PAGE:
1 week ago

Monitor plant growth with AI and OpenCV

Measure the height and width of objects with your Raspberry Pi using only the Pi Camera Module and OpenCV

This is a static object that we have measured. By comparing with the plant’s size, our code can estimate the height 

Do you know how tall your plant is? Do you wonder how high it is growing? Does using a ruler just sound like effort? Well, we have the tutorial for you. We’re going to monitor plant growth using images taken with a Pi Camera Module. In the process, we’ll introduce you to OpenCV, a powerful tool for image analysis and object recognition. By comparing your plant to a static object, OpenCV can be used to estimate its current height, all without touching. By adding data from other sensors, such as temperature or humidity, you too can build a smart plant.

This tutorial was written by PJ Evans and first appeared in The MagPi 81. Sign up to our newsletter to get a free digital copy of The MagPi every month. Or subscribe to us in print (12-month subscribers get a free Raspberry Pi computer).

Pick a spot for your Plant AI monitor

We’re going to be using OpenCV (version 2) to measure our plant. To make sure our measurement is as accurate as possible, several factors need to be considered. The background must be plain and contrast against the plant; black or white is ideal. The area you are using must be very well lit when the image is taken. Finally, the camera must be 90 degrees to the plant, facing it directly. Any angles on any axis will cause poor measurement. If you are mounting the camera at a significant distance, you may want to consider a telephoto lens.

AI Plant Monitor at 90 degrees

Our testing rig. Note the camera is as close to 90 degrees to the plant as we could manage

Get a plant and object

So how do we pull off this measuring trick? We can estimate the height of an object by comparing it with another object that is a fixed and known width and height. The image taken by the camera needs to include both objects. Get a rectangular object of a comparable size to your plant; we used a long piece of Lego. A metal ruler would also work well. Mount your object in front of the camera so it is on the left of the image and the same distance from the camera as your plant.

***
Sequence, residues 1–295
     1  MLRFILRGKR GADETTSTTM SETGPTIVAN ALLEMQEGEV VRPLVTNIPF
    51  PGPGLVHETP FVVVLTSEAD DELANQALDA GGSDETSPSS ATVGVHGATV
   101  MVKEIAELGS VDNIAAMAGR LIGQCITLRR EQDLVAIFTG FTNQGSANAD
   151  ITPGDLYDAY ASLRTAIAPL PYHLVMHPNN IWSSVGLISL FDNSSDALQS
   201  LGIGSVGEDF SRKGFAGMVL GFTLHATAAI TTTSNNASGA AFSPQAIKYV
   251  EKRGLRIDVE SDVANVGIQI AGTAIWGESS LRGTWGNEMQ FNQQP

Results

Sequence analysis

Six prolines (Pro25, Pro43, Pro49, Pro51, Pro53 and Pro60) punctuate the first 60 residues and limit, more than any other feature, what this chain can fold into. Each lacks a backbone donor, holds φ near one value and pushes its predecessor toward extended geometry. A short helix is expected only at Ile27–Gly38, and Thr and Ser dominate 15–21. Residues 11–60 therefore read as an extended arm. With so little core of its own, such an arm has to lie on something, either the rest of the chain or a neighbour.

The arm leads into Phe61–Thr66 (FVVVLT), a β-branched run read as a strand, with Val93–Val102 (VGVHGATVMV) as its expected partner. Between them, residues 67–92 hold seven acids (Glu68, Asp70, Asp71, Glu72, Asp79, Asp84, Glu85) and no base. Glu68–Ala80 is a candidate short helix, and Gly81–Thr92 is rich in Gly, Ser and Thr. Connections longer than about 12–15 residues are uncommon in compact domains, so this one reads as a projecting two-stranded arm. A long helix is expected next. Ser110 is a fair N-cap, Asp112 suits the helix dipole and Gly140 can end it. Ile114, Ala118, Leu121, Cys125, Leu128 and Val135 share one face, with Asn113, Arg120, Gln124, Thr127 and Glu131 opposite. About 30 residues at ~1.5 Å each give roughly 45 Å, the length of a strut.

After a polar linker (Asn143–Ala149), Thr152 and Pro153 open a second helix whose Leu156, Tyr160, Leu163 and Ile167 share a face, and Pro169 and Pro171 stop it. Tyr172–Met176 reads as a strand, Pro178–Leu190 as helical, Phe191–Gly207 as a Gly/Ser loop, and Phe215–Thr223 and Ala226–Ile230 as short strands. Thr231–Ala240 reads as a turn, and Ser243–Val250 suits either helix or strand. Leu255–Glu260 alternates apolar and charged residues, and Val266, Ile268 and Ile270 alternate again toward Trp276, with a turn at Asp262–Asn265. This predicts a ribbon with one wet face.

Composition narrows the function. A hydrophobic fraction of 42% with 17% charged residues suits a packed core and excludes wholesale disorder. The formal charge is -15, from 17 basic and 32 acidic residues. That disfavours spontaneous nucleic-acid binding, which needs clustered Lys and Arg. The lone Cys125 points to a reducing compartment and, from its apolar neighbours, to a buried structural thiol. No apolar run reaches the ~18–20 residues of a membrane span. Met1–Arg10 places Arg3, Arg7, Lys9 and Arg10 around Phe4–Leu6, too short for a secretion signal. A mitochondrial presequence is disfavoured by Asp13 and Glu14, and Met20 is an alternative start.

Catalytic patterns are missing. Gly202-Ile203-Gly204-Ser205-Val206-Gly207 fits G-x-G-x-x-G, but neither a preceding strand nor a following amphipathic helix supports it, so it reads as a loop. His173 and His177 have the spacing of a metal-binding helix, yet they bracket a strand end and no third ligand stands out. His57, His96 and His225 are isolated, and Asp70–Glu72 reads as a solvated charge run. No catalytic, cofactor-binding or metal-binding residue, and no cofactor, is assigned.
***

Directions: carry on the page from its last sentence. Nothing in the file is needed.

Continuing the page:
Prepare your Pi

The software used to analyse the image is the powerful OpenCV library and its Python bindings. You can use any current Pi for this project, but the higher-end 3B/3B+ will be much quicker at processing the image. OpenCV requires an X Window system in place, so we need to start with Raspbian Stretch including the Raspberry Pi Desktop. Once ready to go and on the network, make sure everything is up-to-date by running:

sudo apt update && sudo apt -y upgrade

Finally, install the camera, if you haven’t already, and enable it in Preferences > Raspberry Pi Configuration > Interfaces, then reboot.

Install dependencies

OpenCV is a bit trickier to install than most packages. It has lots of dependencies (additional software it ‘depends’ on) that are not installed alongside it. We also need a few other things to get OpenCV talking to the camera, so open up a Terminal window and run the following commands:

sudo apt install python3-pip libatlas-base-dev libhdf5-100 libjasper1 libqtcore4 libqt4-test libqtgui4

pip3 install imutils opencv-contrib-python picamera[array]

Although piwheels speeds things up considerably, you can expect the second command to take a little while to run, so now’s a good time to get a cup of tea.

Calibration test

Before we start running code, make sure everything is lined up as you would like it. The easiest way to do this is to open a Terminal prompt on the Desktop and run the following command:

raspistill -t 0